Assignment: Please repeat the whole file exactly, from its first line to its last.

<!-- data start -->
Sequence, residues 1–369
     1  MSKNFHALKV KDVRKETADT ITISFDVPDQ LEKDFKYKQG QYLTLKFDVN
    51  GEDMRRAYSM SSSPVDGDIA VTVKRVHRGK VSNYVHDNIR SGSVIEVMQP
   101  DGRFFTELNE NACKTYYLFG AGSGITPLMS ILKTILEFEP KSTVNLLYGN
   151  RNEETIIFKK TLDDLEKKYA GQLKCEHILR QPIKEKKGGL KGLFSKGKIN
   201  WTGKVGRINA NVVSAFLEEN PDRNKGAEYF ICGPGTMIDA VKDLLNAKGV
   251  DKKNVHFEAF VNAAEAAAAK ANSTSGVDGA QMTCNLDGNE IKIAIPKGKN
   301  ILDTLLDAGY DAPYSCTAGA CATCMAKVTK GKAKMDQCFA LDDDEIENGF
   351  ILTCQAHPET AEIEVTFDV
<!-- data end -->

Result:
Sequence, residues 1–369
     1  MSKNFHALKV KDVRKETADT ITISFDVPDQ LEKDFKYKQG QYLTLKFDVN
    51  GEDMRRAYSM SSSPVDGDIA VTVKRVHRGK VSNYVHDNIR SGSVIEVMQP
   101  DGRFFTELNE NACKTYYLFG AGSGITPLMS ILKTILEFEP KSTVNLLYGN
   151  RNEETIIFKK TLDDLEKKYA GQLKCEHILR QPIKEKKGGL KGLFSKGKIN
   201  WTGKVGRINA NVVSAFLEEN PDRNKGAEYF ICGPGTMIDA VKDLLNAKGV
   251  DKKNVHFEAF VNAAEAAAAK ANSTSGVDGA QMTCNLDGNE IKIAIPKGKN
   301  ILDTLLDAGY DAPYSCTAGA CATCMAKVTK GKAKMDQCFA LDDDEIENGF
   351  ILTCQAHPET AEIEVTFDV